Stefan Karpinski

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Stefan Karpinski
NationalityAmerican
Alma materHarvard
Known forJulia (programming language)
Scientific career
FieldsComputer science, Mathematics
InstitutionsNYU
Websitehttp://karpinski.org/

Stefan Karpinski is an American computer scientist known for being a co-creator of the Julia programming language.[1][2][3][4] He is an alumnus of Harvard and works at Julia Computing, which he co-founded with Julia co-creators, Alan Edelman, Jeff Bezanson, Viral B. Shah as well as Keno Fischer and Deepak Vinchhi.[5][6] He also has a part-time appointment at New York University's Center for Data Science as a Research Engineer as part of the Moore–Sloan Data Science Environment.[7][8][9]

He received a B.A. in mathematics from Harvard in 2000,[10] and has completed much of the work on a PhD in computer science from UCSB with research on modeling local area network traffic. He is one of the four main authors of core academic papers on Julia.[11][12] He speaks regularly on Julia at industry events on scientific computing, programming languages, and data science.[9][13][14][15][16][17][18][19][20]

In 2006, Karpinski participated in the Subway Challenge,[21] holding for some time the Guinness World Record for the fastest transit stopping at all NYC subway stations.

See also[edit]

References[edit]

  1. ^ Bryant, Avi (October 15, 2012). "Matlab, R, and Julia: Languages for data analysis". O'Reilly Strata. Archived from the original on May 24, 2013.
  2. ^ Krill, Paul (April 18, 2012). "New Julia language seeks to be the C for scientists". InfoWorld.
  3. ^ Finley, Klint (February 3, 2014). "Out in the Open: Man Creates One Programming Language to Rule Them All". Wired.
  4. ^ Gibbs, Mark (January 9, 2013). "Pure and Julia are cool languages worth checking out". Network World (column). Retrieved February 7, 2013.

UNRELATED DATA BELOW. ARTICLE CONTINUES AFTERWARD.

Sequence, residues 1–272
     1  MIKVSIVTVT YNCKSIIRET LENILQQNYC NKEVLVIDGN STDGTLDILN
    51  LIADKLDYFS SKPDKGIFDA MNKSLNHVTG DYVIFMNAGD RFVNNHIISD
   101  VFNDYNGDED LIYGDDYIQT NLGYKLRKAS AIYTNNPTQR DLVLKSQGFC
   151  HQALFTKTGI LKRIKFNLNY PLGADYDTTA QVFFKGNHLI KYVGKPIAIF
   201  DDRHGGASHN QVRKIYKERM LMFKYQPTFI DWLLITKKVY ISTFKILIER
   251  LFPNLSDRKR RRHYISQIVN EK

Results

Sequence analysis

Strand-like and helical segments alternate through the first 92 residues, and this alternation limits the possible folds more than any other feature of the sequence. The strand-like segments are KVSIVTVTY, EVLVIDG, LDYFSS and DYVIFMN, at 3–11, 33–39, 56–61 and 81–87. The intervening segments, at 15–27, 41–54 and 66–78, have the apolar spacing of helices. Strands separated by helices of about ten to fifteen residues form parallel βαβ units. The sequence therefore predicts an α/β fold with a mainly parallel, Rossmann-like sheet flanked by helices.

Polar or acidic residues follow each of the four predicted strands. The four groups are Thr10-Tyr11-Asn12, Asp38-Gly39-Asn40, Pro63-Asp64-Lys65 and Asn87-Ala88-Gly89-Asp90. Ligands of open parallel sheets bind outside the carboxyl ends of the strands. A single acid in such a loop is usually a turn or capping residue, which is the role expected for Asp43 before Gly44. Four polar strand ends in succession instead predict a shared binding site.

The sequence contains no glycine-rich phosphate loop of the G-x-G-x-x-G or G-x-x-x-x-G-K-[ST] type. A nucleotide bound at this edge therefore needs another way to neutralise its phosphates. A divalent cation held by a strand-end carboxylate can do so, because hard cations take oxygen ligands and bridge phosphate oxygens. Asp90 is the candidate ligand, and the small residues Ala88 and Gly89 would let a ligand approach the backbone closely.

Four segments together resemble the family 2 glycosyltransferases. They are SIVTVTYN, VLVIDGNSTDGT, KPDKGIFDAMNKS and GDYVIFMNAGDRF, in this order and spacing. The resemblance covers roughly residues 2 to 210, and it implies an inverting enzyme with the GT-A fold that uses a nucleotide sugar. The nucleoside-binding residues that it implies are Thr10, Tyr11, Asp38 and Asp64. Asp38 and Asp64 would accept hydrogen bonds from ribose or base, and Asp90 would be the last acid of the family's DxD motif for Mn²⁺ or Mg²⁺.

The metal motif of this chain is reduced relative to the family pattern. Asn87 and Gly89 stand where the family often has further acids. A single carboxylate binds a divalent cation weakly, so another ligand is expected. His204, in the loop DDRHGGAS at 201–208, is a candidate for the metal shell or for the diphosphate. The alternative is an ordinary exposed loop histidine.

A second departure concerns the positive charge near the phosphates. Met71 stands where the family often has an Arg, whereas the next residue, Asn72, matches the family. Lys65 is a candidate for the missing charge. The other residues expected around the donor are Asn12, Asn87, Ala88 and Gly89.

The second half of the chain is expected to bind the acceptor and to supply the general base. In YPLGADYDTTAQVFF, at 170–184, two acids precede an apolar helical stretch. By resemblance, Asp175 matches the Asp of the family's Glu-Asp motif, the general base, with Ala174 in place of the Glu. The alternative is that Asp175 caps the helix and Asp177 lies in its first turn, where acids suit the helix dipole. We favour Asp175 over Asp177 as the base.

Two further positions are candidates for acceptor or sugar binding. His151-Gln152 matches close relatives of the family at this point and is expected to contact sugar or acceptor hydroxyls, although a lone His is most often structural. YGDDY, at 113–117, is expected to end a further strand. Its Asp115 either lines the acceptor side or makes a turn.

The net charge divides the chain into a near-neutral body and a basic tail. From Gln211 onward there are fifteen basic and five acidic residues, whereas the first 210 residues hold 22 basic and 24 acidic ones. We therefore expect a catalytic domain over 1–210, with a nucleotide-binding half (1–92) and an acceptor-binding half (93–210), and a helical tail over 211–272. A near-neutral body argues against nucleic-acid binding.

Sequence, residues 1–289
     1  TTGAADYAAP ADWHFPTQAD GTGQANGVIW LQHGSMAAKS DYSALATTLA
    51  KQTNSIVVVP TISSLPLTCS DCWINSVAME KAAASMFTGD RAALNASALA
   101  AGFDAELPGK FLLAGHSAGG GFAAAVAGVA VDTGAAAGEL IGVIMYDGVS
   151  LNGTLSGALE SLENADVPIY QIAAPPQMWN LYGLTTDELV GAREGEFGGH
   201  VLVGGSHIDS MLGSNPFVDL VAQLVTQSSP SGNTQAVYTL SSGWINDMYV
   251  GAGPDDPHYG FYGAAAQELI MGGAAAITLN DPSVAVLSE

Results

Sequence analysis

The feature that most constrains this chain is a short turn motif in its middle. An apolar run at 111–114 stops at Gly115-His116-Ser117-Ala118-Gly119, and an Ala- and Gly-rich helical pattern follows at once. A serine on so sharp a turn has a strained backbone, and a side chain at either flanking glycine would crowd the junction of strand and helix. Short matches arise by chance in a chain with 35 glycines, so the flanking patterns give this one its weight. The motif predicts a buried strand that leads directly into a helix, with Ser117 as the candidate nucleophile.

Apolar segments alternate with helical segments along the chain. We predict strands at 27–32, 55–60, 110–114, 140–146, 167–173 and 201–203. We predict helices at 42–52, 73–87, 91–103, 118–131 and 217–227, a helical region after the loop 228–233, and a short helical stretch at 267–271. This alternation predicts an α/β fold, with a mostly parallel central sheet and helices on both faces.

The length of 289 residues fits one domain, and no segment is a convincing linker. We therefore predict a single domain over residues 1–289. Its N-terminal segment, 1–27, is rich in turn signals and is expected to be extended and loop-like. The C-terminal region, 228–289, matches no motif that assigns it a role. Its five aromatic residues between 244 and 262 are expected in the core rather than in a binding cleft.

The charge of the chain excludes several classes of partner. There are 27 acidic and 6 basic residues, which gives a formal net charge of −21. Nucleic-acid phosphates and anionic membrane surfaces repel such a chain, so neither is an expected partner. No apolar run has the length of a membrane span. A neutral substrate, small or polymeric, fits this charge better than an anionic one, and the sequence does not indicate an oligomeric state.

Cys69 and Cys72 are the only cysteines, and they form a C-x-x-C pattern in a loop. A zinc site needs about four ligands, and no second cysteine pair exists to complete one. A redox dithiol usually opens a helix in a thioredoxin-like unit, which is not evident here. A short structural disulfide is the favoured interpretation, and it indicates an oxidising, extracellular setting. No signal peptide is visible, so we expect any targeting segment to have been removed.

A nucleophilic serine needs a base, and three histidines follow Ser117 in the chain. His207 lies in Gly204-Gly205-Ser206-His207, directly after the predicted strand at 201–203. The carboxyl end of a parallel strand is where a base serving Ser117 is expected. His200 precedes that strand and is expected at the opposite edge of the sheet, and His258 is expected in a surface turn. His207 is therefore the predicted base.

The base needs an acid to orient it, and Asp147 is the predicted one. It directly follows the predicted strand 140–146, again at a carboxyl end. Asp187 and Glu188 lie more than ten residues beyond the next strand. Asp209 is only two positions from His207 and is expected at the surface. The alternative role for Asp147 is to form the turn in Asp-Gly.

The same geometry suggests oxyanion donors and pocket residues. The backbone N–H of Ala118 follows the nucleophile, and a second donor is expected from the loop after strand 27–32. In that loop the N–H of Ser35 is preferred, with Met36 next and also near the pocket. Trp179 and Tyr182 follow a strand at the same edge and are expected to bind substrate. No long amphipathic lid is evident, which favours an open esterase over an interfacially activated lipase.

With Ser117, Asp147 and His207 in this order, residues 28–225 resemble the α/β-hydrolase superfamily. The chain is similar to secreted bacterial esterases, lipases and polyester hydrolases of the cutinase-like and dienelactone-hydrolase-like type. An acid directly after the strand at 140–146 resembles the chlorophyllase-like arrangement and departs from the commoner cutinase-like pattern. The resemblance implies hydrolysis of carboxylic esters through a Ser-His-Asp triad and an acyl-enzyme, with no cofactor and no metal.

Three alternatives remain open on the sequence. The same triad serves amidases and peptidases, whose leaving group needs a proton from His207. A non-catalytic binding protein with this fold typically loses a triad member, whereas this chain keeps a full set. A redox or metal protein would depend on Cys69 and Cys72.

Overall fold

5. ^ "Why the creators of the Julia programming language just launched a startup". VentureBeat. Retrieved June 20, 2016.
  6. ^ www.ETtech.com. "Julia founders create new startup to take language commercial | ETtech". ETtech.com. Retrieved June 20, 2016.
  7. ^ "Moore–Sloan Data Science Environments". MSDSE. Retrieved June 20, 2016.
  8. ^ "Moore–Sloan Data Science Environment at NYU - NYU Center for Data Science". NYU Center for Data Science. Retrieved June 20, 2016.
  9. ^ a b "ODSC East 2016 | Stefan Karpinski - "Solving the Two Language Problem"". www.youtube.com. Open Data Science. May 26, 2016. Retrieved June 20, 2016.
  10. ^ Karpinski, Stefan. "Resume". karpinski.org. Retrieved June 18, 2016.
  11. ^ Bezanson, Jeffrey; Edelman, Alan; Karpinski, Stefan; Shah, Viral (2014). "Julia: A Fresh Approach to Numerical Computing". arXiv:1411.1607 [cs.MS].
  12. ^ Jeff Bezanson, Stefan Karpinski, Viral Shah, Alan Edelman et al. "Research". julialang.org. Retrieved December 20, 2020.CS1 maint: uses authors parameter (link)
  13. ^ "Julia (Channel 9)". Channel 9. Retrieved June 20, 2016.
  14. ^ Erlang Solutions (January 17, 2014), Stefan Karpinski - Julia: Fast Performance, Distributed Computing & Multiple Dispatch, retrieved June 20, 2016
  15. ^ Karpinski, Stefan. "Julia + Python = ♥". Pydate. Retrieved June 27, 2015.
  16. ^ Bezanson, Jeff; Karpinski, Stefan. "Julia and Python: a dynamic duo for scientific computing". Retrieved June 27, 2015.
  17. ^ "Julia: to Lisp or not to Lisp?". www.youtube.com. European Lisp Symposium. May 30, 2016. Retrieved June 20, 2016.
  18. ^ "PolyConf 15: Julia a fast dynamic language for technical computing / Stefan Karpinski". www.youtube.com. July 11, 2015. Retrieved June 20, 2016.
  19. ^ "What's New and Exciting in Julia - Stefan Karpinski". Vimeo. Retrieved June 20, 2016.
  20. ^ "Jeff Bezanson & Stefan Karpinski - Julia: Numerical Applications Pushing Limits of Language Design". www.youtube.com. Curry On!. August 3, 2015. Retrieved June 20, 2016.
  21. ^ Tomasko, Felicia. "UCSB Grad Student Sets NY Subway Record". Santa Barbara Independent. Retrieved June 19, 2016.